On Saturday, I took my son to the library to check out some videos and let him hang out in the children’s area. To occupy my time, I picked up a copy of Friday’s edition of the Wall Street Journal and came across an article entitled “Did Reagan Try to Convert Gorbachev?” Well, I don’t know if he converted Gorbachev, but he certainly witnessed to him. Can you imagine the outrage if this had hit the press at the time, or if he was President today and it made the news. How dare he. What about the separation between church and state. My take, way to go Mr. President.
The Journal’s article is very lengthy, but this excerpt provides the heart of the witness encounter:
"The President asked Gorbachev what if he ruled that religious freedom was part of the people's rights, that people of any religion -- whether Islam with its mosque, the Jewish faith, Protestants or the Ukrainian Church -- could go to the church of their choice."
Gorbachev deflected this question . . . .
Reagan then ventured further, taking a step that quite a few Americans would have found objectionable. The president switched from seeking to persuade Gorbachev of the value of religious tolerance to promoting a belief in God. Reagan did so by telling one of his trademark stories.
According to the notes of their meeting:
The president said he had a letter from the widow of a young World War II soldier. He was lying in a shell hole at midnight, awaiting an order to attack. He had never been a believer, because he had been told God did not exist. But as he looked up at the stars he voiced a prayer hoping that, if he died in battle, God would accept him. That piece of paper was found on the body of a young Russian soldier who was killed in that battle.
Gorbachev tried to switch the subject. Perhaps the United States and the Soviet Union might open the way for greater cooperation in space, he told the president. But the president wasn't to be diverted. According to the transcript, Reagan told Gorbachev that space was in the direction of heaven, but not as close to heaven as some other things that they had been discussing.
As the meeting ended, Reagan became even more direct and personal. He noted that his own son Ron did not believe in God either. "The President concluded that there was one thing he had long yearned to do for his atheist son. He wanted to serve his son the perfect gourmet dinner, to have him enjoy the meal, and then to ask him if he believed there was a cook."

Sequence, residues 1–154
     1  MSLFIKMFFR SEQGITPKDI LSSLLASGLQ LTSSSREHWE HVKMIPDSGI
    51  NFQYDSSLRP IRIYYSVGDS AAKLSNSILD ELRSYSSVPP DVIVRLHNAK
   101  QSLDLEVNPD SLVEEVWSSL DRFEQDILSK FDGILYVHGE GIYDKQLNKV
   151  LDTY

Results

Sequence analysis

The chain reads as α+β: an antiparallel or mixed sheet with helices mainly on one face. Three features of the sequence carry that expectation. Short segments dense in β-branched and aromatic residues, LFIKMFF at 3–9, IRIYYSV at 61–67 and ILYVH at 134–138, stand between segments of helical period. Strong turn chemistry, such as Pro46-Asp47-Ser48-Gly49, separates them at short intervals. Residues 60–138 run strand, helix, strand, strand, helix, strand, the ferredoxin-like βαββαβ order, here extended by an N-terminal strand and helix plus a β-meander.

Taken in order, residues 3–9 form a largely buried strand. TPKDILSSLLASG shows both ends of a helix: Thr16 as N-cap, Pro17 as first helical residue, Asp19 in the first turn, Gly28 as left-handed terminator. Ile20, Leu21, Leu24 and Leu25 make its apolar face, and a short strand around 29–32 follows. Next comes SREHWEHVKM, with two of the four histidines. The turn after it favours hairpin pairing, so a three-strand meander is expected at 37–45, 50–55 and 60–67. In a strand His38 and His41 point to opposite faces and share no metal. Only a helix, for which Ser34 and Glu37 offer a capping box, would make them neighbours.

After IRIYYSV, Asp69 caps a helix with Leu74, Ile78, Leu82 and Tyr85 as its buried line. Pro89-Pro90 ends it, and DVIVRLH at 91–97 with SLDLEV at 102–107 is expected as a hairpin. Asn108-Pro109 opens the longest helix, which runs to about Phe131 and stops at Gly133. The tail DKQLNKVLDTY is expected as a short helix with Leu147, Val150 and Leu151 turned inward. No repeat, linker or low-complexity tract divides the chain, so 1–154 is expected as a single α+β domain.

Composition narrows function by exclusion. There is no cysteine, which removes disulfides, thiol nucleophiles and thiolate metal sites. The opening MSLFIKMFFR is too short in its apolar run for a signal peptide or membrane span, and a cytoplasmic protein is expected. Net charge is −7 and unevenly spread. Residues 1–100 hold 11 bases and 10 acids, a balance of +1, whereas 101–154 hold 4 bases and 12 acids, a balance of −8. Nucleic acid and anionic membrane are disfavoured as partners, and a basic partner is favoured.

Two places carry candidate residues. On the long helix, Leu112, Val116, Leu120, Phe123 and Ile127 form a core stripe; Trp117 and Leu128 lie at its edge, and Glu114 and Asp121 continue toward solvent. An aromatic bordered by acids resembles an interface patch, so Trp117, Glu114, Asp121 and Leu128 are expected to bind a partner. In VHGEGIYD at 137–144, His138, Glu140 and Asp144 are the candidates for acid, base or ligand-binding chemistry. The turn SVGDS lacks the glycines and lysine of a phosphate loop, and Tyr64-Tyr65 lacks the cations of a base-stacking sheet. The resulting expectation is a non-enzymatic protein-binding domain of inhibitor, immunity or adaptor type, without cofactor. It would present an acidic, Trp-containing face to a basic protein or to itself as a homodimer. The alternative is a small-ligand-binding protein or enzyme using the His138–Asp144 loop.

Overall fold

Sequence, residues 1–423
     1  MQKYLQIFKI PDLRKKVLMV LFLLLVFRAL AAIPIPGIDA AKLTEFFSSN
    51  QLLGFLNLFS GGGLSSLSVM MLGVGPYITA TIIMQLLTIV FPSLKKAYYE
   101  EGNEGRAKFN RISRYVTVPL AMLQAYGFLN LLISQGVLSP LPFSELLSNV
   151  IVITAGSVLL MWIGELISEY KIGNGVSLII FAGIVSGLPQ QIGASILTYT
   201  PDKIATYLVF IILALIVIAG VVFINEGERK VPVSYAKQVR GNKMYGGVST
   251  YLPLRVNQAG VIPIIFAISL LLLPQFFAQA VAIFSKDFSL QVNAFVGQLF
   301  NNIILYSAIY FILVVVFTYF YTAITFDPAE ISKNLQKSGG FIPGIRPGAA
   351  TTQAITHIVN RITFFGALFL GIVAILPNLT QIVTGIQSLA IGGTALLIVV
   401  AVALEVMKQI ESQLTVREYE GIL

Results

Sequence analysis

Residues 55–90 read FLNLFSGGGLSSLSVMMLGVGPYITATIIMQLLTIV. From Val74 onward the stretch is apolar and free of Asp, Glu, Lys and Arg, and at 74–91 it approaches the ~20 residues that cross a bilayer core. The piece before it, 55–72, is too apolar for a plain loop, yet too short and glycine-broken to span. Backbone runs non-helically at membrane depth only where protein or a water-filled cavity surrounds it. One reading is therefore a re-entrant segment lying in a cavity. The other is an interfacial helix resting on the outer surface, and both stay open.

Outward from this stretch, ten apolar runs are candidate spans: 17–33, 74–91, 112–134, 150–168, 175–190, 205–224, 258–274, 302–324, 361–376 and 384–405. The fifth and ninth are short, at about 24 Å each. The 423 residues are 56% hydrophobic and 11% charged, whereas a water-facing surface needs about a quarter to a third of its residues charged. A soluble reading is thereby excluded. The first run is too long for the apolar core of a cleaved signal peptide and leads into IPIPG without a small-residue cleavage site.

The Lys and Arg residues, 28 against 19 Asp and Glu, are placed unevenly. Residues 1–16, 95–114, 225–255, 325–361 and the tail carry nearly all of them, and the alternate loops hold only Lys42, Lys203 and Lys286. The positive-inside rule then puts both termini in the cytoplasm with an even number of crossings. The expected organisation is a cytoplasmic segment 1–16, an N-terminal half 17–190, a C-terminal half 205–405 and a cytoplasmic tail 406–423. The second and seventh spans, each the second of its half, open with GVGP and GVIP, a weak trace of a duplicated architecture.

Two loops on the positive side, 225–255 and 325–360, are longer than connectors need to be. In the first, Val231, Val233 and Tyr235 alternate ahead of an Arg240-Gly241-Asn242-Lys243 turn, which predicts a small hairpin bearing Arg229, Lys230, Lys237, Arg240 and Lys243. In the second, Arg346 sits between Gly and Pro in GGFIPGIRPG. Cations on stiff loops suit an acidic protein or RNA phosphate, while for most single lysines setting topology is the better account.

Of the two American notetakers who were present for this extraordinary conversation, one took Reagan's effort at face value. "Reagan thought he could convert Gorbachev, or make him see the light," said Rudolf Perina, who was then the director of Soviet affairs on the National Security Council in a 2005 interview.
Whether this approach was effective is debatable. Maybe President Reagan moved Gorbachev from being an atheist to becoming an agnostic. Too bad he did not receive training from Ray Comfort, Kirk Cameron and the others at Way of the Master.
Gorbachev: President Reagan, we’ve made a lot of progress over the years, but you really need to tone down your “Star Wars” plan. My comrades at the Kremlin aren’t happy.
President Reagan: Mick, since, you mentioned “Star Wars,” do you think Heaven is real.
Gorbachev: You know I am the leader of the Communist Party, as Atheists we don’t believe in Heaven.
Reagan: If Heaven were real, are you good enough to go there.
Gorbachev: Of course, I am. Glasnost and Perestroika were all my ideas. I most certainly am a good person.
Reagan: Mick – you don’t mind me calling you Mick - have you ever told a lie.
Reagan: Are you sure about that. What about that speech three months ago.
Gorbachev: Oh yeah, I forgot about that. You got me.
Reagan: What does that make you.
Gorbachev: A liar.
Reagan: Have you stolen anything, no matter how small.
And President Reagan could have gone on from there. Maybe one day the archives will reveal that President Bush or even President Obama engaged in a similar conversation with Mr. Putin.
C.S. Lewis Quote
3 years ago